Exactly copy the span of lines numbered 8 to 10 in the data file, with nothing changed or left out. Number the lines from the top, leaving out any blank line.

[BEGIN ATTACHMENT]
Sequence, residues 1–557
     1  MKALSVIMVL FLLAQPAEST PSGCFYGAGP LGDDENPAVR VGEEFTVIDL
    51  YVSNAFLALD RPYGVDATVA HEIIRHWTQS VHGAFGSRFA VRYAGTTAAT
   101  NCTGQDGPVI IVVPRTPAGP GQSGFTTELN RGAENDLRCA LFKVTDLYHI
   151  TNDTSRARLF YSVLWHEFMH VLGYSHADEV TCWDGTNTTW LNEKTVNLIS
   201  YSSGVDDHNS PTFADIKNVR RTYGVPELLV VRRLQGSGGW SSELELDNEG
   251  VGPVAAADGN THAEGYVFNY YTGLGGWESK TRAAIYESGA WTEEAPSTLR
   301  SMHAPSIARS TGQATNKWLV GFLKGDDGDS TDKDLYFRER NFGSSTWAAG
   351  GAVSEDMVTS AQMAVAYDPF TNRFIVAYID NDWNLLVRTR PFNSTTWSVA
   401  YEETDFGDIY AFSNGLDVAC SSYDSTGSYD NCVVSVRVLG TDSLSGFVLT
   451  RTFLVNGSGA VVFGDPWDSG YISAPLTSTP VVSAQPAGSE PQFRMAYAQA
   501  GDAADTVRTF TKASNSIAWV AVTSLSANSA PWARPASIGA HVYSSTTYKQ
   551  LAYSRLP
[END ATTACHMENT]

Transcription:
   301  SMHAPSIARS TGQATNKWLV GFLKGDDGDS TDKDLYFRER NFGSSTWAAG
   351  GAVSEDMVTS AQMAVAYDPF TNRFIVAYID NDWNLLVRTR PFNSTTWSVA
   401  YEETDFGDIY AFSNGLDVAC SSYDSTGSYD NCVVSVRVLG TDSLSGFVLT